may have improperly parked the car in violation of the statute, if you find that Denise is the one who somehow got the car started then that is the end of the case and you must find in favor of the defendant because it is the law that the defendant could not foresee and had no duty to foresee that Denise would start the car. . . ." Plaintiff contends that this instruction improperly withdrew from the jury's consideration two important issues constituting a main theory of liability relied upon by him, to-wit: whether or not defendant was negligent in leaving his vehicle unattended with the key in the ignition, with two youthful passengers therein, and whether Denise's conduct should have been foreseen by him. We must agree with the plaintiff that these issues were for the jury's consideration under the evidence in this case and that the trial judge therefore erred in charging "it is the law that defendant could not foresee and had no duty to foresee that Denise would start the car." In Glass v. Freeman, 430 Pa. 21 (1968), the court held it was foreseeable that the 7-year-old son of the defendant would, in his father's absence, climb aboard and drive the tractor which defendant had been operating and had for a short time left unattended with its motor running. The court there further reasoned: "Since it was foreseeable that the boy might attempt to drive the tractor, it was also foreseeable that he would drive it negligently. A seven-year-old hardly can be expected to have the ability or judgment to operate a piece of heavy equipment safely." The court in that case rejected defendant's argument that the son's actions constituted a superseding cause, the court logically reasoning: "Bauman also maintains that even if he was negligent in leaving the tractor unattended, his negligence was not the proximate cause of the accident because Jimmy's actions were a superseding cause. There is no merit in this position. Since the possibility of Jimmy's negligence is what made the father's conduct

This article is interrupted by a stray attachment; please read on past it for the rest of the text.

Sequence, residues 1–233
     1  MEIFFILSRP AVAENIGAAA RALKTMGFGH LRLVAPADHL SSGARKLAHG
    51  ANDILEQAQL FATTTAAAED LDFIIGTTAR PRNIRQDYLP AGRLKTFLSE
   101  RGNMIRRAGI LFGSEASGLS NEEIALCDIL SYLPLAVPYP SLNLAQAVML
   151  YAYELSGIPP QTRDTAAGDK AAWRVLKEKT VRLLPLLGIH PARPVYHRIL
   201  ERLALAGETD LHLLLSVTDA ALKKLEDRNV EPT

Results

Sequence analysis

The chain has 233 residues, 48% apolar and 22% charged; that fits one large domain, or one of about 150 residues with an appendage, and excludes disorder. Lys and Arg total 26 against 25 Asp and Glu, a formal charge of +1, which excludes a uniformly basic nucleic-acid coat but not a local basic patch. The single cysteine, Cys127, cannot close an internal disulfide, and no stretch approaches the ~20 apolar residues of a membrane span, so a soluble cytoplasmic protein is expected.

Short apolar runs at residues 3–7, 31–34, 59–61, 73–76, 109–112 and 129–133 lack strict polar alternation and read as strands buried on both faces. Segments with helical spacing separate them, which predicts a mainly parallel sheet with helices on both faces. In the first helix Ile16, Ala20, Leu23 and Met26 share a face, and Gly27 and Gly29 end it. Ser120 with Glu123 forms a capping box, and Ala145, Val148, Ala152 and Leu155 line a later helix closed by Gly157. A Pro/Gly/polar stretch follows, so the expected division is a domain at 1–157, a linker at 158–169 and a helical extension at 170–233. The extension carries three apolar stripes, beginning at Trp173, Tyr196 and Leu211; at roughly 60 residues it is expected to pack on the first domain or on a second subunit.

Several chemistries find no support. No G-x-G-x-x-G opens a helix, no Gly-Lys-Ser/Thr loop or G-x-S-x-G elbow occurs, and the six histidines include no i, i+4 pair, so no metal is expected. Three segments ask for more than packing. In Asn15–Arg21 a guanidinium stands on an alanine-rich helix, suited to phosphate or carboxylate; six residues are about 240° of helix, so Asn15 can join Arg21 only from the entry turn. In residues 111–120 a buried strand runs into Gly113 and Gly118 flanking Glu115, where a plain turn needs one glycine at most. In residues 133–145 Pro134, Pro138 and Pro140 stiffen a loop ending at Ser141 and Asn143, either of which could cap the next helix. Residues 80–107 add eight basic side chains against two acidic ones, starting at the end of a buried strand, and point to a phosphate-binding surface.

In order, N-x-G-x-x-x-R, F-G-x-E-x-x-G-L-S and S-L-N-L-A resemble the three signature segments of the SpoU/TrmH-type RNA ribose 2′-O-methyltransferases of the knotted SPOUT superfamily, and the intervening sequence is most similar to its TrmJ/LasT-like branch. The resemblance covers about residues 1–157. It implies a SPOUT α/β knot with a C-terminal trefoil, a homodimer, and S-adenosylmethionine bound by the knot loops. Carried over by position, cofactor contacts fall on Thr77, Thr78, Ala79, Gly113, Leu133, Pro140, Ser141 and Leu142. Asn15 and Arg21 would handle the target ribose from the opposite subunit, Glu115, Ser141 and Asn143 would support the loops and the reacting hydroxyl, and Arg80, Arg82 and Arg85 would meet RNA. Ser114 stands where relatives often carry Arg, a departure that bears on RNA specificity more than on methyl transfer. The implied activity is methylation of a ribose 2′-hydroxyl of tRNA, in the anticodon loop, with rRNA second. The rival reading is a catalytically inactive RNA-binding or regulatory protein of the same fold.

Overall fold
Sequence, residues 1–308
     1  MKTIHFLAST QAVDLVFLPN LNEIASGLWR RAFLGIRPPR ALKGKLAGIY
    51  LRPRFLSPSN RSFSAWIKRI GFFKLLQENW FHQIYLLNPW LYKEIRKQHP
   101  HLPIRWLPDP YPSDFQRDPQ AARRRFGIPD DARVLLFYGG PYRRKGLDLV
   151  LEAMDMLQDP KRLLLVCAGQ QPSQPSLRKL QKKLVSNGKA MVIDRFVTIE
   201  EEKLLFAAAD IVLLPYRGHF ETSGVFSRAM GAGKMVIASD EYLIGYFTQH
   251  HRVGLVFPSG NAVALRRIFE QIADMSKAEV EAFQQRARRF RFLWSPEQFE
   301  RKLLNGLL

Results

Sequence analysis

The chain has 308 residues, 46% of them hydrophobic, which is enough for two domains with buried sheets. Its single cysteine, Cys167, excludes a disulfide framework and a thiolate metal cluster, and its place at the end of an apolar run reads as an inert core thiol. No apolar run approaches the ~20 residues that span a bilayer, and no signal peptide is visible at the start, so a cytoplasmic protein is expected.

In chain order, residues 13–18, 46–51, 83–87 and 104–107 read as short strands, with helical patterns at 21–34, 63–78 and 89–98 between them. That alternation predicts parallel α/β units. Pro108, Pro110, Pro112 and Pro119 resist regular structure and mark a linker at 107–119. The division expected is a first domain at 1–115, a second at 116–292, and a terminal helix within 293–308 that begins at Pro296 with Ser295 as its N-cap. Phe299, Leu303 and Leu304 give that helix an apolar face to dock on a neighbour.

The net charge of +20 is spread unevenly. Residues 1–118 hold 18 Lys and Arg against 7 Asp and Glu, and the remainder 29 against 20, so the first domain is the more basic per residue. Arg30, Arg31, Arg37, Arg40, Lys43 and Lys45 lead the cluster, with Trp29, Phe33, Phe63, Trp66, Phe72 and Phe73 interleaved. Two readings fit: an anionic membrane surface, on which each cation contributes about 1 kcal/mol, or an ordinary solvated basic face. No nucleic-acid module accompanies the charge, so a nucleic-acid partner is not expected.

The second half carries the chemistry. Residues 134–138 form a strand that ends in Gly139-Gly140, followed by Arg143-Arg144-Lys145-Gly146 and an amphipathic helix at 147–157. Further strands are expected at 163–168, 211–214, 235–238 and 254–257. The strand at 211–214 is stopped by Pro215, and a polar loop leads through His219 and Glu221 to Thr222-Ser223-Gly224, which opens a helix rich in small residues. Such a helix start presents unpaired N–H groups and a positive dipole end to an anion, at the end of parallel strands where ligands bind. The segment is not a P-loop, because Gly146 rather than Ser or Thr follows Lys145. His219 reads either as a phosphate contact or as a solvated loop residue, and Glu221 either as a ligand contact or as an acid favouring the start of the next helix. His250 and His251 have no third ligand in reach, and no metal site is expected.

[ 224 Pa. Super. Page 246]

    negligent, the son's actions were not a superseding cause. Anderson v. Bushong Pontiac Co., supra; Kuhns v. Brugger, 390 Pa. 331, 347, 135 A.2d 395, 404 (1957); Reichvalder v. Taylor, supra; Restatement 2d Torts § 449 (1965)."

In Anderson v. Bushong Pontiac Co., 404 Pa. 382 (1961), the court found that a 14-year-old boy's theft of the vehicle and his subsequent negligence in its operation did not insulate defendant from liability for its negligence in leaving the keys in the car under the circumstances there attending, the court saying: "And § 449 [of the Restatement] states, 'If the realizable likelihood that a third person may act in a particular manner is the hazard or one of the hazards which makes the actor negligent, such an act whether innocent, negligent, intentionally tortious or criminal does not prevent the actor from being liable for harm caused thereby.'"